At T1International, we're fighting for lower insulin costs in multiple ways. We're holding pharma accountable and trying to get the price of insulin capped to ensure everyone - including the uninsured - aren't paying exorbitant prices. A more long term solution we're working on is related to patents. Over the past few months, T1International USA has embarked on an ambitious effort to reform patent examination in the US as a means to lower the cost of insulin and other drugs in the long-term.
In January of 1923, 100 years ago, the discoverers of insulin sold the patent for $1, saying “insulin does not belong to me, it belongs to the world”. Rather than the gift it was intended to be, their discovery has become the poster child for pharmaceutical price gouging.
Patents are intended to provide an exclusive right for a novel invention. By granting a protected property right to an inventor, patents are intended to spur innovation because the patent holder can make significant money for a limited time in exchange for publishing and disclosing the invention. However, the patent system has been exploited by Big Pharma to keep charging high prices on old insulins, or only changing their products in small ways.
The US is especially known for over-patenting, resulting in a marketplace that overprices life-saving medications. The US Patent and Trademark Office (PTO) is the administrative body in the US that grants patents. They have made a mistake by allowing for additional, overextended patents on older drugs. This has allowed for Big Pharma to create ‘thickets’ of patents around their products, enabling them to maintain a monopoly for far longer than intended, hindering true competition. For example, Sanofi has filed nearly twice as many patent applications in the US compared to Europe (46 in Europe compared to 74 applications in the US), and three times as many as in Japan (25 patent applications). These extra patents keep the cost of insulin and other drugs and technologies particularly unreasonably high in the US.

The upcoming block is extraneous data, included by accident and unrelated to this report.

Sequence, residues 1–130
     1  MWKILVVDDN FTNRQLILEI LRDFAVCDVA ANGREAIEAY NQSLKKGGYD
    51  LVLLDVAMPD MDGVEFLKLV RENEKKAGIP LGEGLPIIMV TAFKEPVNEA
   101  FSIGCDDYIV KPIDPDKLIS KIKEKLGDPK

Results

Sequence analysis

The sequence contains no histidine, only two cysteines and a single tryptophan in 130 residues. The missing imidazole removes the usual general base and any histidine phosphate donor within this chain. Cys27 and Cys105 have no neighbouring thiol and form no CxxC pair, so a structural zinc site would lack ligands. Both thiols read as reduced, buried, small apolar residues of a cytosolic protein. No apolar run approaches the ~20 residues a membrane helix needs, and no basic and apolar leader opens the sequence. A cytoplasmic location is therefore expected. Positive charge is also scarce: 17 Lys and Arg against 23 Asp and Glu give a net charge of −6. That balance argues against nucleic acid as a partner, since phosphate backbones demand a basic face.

The PTO has proposed several initiatives to enhance collaboration with the Food and Drug Administration (the FDA). T1International asked the PTO and FDA to change their processes so that monopolies on insulin and other drugs can be avoided. Changing their patent review process in the below ways would have a clear impact on patients who use injectable insulin:
At T1International, we also highlighted the need to increase public participation in patent offices. The people whose lives are most affected by patent decisions should be engaged in the process and acknowledged as experts. When the USPTO and the FDA held a cross-entity public listening session on January 19th, T1International had three patient speakers, the most represented by any one group. Advocates spoke from personal experiences of how the current patent system has led to sky-high insulin prices and how that impacts their health; and they spoke about what needs to change. Disappointingly, the USPTO and the FDA didn’t get it. They asked technical questions of non-technical patient experts and generally made it onerous, complicated, and belittling for patient and non-pharma industry participation. So we also submitted over 1000 petition signatures, along with our technical comments, that outlined what good and ethical patient engagement in patent processes and examination should look like.
This overwhelming show of support by patients in this highly technical process shows that patients ARE experts. It shows patients have an important part to play in improving the historically secretive, highly technical, and generally unfriendly patent process that has made it so challenging for patients to participate in the past.
We hope to hear back about how these changes will be made in the next few months.
Read our technical comments that we submitted here. To learn more about how to improve patient engagement, see our blog post on ethical patient engagement.
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